Poetry in Motion: The Spoken Word as a Tool of Liberation – El Jones
January 13, 2015
Though Live from the Afrikan Resistance(Roseway Publishing, 2014) is El Jones' first book of poetry, she is by no means a debut poet. The text represents seven years of spoken word performances from Jones, Halifax's Poet Laureate, that borrow their style from musical genres and pose an uncompromising, passionate challenge to racism, sexism, poverty, and violence. Today's Poetry in Motion explores El's collection, sharing an excerpt of the poem "Toxic Legacy", and a reading of her poem "Mandela".
Live from the Afrikan Resistance! is a collection of El's spoken word poetry gathered from seven years of performances. Her poems are about community and struggle. They are grounded in the political culture of African Canadians and inherit the styles and substances of hip-hop, dub and calypso’s political commentary. They engage historical themes and figures and analyze contemporary issues—racism, poverty and violence—as well as confront the realities of life as a Black woman. Her voice is urgent, uncompromising and passionate in its advocacy and demands. As El (2014) says, “Spoken word is a tool of liberation.”
El Jones is one of Canada’s most controversial spoken word artists and Halifax’s fifth Poet Laureate. She writes to educate, to move communities to action and to demonstrate the possibilities of resistance and empowerment. She is a two-time National Spoken Word Champion and the artistic director of Word Iz Bond Spoken Word Artist Collective. She teaches in the African Canadian Transition Program at the Nova Scotia Community College and in the Women’s Studies Program at Acadia University.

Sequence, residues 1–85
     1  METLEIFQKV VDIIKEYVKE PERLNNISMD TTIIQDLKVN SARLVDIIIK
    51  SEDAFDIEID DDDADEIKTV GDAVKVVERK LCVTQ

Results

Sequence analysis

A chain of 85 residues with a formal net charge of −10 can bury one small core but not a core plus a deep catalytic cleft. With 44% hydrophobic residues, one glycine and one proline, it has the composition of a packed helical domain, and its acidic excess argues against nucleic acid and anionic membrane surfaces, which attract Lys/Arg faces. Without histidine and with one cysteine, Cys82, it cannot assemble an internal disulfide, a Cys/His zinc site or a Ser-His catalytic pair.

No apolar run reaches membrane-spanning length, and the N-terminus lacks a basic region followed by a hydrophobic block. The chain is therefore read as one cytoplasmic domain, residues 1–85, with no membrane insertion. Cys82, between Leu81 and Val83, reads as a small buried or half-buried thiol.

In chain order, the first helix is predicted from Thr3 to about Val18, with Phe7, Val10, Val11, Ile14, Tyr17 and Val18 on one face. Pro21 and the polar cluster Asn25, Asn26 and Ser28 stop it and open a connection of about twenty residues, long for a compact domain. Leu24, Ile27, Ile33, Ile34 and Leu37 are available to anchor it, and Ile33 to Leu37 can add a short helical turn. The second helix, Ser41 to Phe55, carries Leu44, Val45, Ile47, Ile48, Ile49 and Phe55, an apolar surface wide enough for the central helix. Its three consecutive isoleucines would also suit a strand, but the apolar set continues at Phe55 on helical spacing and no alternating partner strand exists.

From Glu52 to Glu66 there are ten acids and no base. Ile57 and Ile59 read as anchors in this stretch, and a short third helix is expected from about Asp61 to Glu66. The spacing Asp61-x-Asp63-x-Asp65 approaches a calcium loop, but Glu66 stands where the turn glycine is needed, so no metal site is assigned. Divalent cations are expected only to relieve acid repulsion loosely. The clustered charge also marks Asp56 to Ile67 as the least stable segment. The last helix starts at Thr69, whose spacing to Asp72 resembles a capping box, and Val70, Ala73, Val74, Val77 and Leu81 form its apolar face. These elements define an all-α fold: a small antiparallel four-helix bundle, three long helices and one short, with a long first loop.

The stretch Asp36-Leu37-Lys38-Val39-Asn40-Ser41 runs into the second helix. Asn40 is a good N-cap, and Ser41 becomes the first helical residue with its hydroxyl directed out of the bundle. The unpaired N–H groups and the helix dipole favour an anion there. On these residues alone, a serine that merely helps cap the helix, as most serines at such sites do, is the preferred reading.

The power of El’s words are evident in the opening lines of “Toxic Legacy”:
There’s a connection between the landfills And our people’s being killed Between environmental damage and our physical, spiritual, and mental damage Whether from slavery, colonization, colored homes or residential schools And they think they can apologize and make it all better Just like they think they can recycle and make it all better There’s a relationship between continued pollution and their continued lack of solutions to racism and poverty Because the problems lie at the root of settler society It’s a toxic legacy
The feeling one is left with after hearing El speak or reading her poems is perhaps best summed up in the following review of El’s book: “This is how words count, when there’s not much time, and there’s an urgency to the message, to it being passed on, and remembered, and learned from.” (Miles Howe, Halifax Media Co-op)
Listen to El perform (2013) the poem “Mandela” from her book:
All Lit Up is produced by the Literary Press Group and LitDistCo. LPG and LitDistCo acknowledge the financial support of the Department of Canadian Heritage, the Canada Council for the Arts, and the Ontario Arts Council.
All views expressed by bloggers and contributors to the All Lit Up blog are their own and do not necessarily reflect the opinions of All Lit Up or the Literary Press Group.
All Lit Up acknowledges we are hosted on the lands of the Mississaugas of the Credit, the Anishinaabeg, the Haudenosaunee, and the Wendat. We also recognize the enduring presence of all First Nations, Métis and the Inuit people, and we are grateful to have the opportunity to meet and work on this territory.